SF State’s Residential Life “strongly urged” campus residents to leave their housing by the end of the week in an email on Tuesday.
One day after SF State President Lynn Mahoney announced the suspension of face-to-face classes, Director of Residential Life David Rourke and Executive Director of Housing Dining and Conference Services Jeny Patino said they expected students to “make every effort and use resources to return home” and turn their keys in by Friday.
The pair instructed any students unable to leave to contact the housing office, but the phrasing of the message left some residents under the impression that evacuation was mandatory. Rourke and Patino did not return requests for interviews.
Masaki Ohana, an international student who resides in University Park North, was alarmed by the email and contacted housing that same day. Every international student he had spoken to planned on staying as well.
“We are international students, we don’t have a home in the United States,” Ohana said.
Melissa Lambert, the mother of a campus resident, also believed the recommendations were compulsory after she read the email from Residential Life. In response, she posted to Twitter attempting to open her home to a student in need.
“Just found out my daughter’s housing at SFState is essentially kicking them all out by Friday. We might be adding a student or 2 with no where else to go,” Lambert said in the tweet.
“It was just kind of shocking that they would just throw that out there and not expect people to be completely freaking out about it,” Lambert said. “I wouldn’t be surprised if there was a bunch of people protesting out there.”
In fact, a post circulated through social media on Tuesday night called on residents to protest in front of the University Housing office on Wednesday at 2.p.m.
Andrea Jimenez, a Mary Ward Hall resident, went to the protest due to fears that she might be forced out of her home.
“I actually did email to stay on campus… and also my roommate did too, but both of us haven’t heard anything back,” Jimenez said.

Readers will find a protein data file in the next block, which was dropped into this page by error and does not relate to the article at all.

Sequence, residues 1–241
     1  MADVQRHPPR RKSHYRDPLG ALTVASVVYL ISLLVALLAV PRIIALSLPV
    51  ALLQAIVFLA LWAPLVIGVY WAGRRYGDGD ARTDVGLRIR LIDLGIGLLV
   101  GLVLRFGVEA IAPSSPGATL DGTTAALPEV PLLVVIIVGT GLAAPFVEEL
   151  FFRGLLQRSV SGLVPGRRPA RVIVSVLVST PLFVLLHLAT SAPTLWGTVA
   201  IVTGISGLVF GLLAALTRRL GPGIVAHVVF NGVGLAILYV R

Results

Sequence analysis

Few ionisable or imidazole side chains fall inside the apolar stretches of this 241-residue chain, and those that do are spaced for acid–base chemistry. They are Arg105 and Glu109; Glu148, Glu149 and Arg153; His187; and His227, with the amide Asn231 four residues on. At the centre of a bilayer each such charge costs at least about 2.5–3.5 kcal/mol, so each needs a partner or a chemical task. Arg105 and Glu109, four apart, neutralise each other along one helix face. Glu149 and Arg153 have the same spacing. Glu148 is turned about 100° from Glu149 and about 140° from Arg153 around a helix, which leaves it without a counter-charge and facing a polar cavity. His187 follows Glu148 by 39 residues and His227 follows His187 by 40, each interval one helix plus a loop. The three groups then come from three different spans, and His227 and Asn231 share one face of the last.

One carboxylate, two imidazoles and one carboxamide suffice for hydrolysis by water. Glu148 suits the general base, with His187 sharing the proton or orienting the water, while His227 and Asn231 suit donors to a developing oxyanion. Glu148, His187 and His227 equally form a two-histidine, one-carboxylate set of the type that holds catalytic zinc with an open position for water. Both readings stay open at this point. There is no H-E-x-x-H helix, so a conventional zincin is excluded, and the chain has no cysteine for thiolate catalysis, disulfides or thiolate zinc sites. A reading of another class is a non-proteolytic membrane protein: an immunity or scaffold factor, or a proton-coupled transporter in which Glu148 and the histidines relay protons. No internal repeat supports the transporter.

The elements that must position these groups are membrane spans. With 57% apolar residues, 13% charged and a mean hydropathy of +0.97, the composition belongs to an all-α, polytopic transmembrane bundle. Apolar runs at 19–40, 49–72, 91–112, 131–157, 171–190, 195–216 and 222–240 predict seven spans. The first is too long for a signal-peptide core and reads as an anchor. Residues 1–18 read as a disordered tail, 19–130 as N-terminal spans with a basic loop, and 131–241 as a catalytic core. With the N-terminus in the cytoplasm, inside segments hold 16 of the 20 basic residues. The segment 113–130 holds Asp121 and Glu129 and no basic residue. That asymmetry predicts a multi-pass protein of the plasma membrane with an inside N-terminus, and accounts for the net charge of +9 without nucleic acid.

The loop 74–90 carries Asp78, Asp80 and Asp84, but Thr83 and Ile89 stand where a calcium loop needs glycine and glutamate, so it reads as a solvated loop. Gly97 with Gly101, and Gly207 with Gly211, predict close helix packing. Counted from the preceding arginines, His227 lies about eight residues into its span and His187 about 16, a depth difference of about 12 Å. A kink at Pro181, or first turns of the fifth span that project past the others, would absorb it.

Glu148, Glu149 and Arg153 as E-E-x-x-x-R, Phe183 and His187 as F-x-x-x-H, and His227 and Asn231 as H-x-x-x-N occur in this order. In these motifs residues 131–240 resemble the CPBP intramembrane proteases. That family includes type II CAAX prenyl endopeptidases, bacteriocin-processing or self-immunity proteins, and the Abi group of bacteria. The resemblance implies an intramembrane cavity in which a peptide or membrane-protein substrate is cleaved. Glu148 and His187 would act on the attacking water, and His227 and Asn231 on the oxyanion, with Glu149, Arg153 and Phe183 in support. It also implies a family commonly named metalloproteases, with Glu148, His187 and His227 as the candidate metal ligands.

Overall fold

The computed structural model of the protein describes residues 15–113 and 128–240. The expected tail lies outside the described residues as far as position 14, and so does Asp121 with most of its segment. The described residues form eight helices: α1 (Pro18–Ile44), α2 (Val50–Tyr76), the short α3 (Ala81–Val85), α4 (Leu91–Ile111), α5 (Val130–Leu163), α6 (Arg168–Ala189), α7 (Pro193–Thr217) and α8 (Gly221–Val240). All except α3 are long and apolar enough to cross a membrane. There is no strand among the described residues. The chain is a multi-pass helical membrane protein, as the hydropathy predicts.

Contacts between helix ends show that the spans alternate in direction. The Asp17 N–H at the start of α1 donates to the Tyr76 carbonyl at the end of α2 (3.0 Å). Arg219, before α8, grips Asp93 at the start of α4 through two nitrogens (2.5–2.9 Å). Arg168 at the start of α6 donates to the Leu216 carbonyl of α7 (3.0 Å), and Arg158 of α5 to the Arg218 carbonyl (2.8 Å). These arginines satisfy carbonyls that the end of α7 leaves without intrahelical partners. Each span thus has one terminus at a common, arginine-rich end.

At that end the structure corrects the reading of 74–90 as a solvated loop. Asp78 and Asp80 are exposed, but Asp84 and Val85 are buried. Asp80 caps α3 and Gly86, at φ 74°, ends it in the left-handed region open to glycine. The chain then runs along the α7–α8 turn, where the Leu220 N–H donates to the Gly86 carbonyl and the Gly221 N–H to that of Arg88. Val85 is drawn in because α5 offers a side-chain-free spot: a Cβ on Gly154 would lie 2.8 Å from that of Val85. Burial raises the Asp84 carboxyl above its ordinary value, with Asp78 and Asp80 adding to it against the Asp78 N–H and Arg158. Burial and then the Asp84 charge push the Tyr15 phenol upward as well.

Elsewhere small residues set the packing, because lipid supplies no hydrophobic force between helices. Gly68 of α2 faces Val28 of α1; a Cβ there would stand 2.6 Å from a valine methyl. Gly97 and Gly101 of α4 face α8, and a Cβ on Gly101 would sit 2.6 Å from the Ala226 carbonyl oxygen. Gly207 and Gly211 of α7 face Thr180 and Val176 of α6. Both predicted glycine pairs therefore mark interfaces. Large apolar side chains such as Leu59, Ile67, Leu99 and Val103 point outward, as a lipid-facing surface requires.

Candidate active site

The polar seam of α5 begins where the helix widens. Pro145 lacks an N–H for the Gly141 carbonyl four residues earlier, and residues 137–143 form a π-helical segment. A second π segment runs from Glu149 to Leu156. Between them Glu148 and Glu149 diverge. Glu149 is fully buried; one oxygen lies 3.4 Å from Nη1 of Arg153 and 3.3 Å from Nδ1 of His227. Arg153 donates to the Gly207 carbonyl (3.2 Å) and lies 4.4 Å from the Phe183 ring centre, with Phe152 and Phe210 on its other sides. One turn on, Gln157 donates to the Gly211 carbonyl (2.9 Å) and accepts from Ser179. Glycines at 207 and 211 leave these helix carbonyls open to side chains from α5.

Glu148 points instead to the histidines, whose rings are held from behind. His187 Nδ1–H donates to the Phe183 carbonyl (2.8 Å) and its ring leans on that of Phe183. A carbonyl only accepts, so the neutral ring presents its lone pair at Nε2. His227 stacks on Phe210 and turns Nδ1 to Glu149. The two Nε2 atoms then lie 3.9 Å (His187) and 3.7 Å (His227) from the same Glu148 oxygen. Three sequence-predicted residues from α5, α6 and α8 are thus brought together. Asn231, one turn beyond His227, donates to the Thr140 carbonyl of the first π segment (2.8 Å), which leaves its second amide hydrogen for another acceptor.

By 2:30 p.m., however, no discernable demonstration had developed and any prospective protesters merely meandered around the margins of the space before leaving.
The low attendance might be due to a follow-up email sent to residents on Wednesday morning, where the same two aforementioned administrators acknowledged the agitation created by the original announcement.
“We apologize if this caused any undue stress or anxiety and therefore, want to provide further clarification in this message to you. Let’s be clear. Housing remains open” the email read.
However, despite the efforts to create clarity, conflicting information remains.
A residential advisor sent an email to students attempting to share what they knew, but claimed that Residential Life would relocate all students who choose to remain on campus to the Centennial Village. This residential advisor was not named to avoid potential repercussions.
“I think currently, right now, it’s everyone remaining in their same spaces,” said Associate Vice President for Student Life and Dean of Students Dr. Danny Glassman.
Notably, Glassman did not rule out the possibility of relocation.
“I would say that every option available is being considered and would be considered if we need to adjust that in any way for health, safety, any of those kinds of concerns.”
Students who do remain on campus, whether out of choice or necessity, will discover a much less lively environment than they may be used to. In the days following Mahoney’s cancellation of events and classes, campus has become distinctly barren.
From Mashouf to the Depot, all but a few programs and departments have temporarily closed.
Some notable exceptions are Gator Groceries, which provides free food to students, will remain in operation, and the front desks at the Centennial Village and University Park North, which will remain open around the clock for now.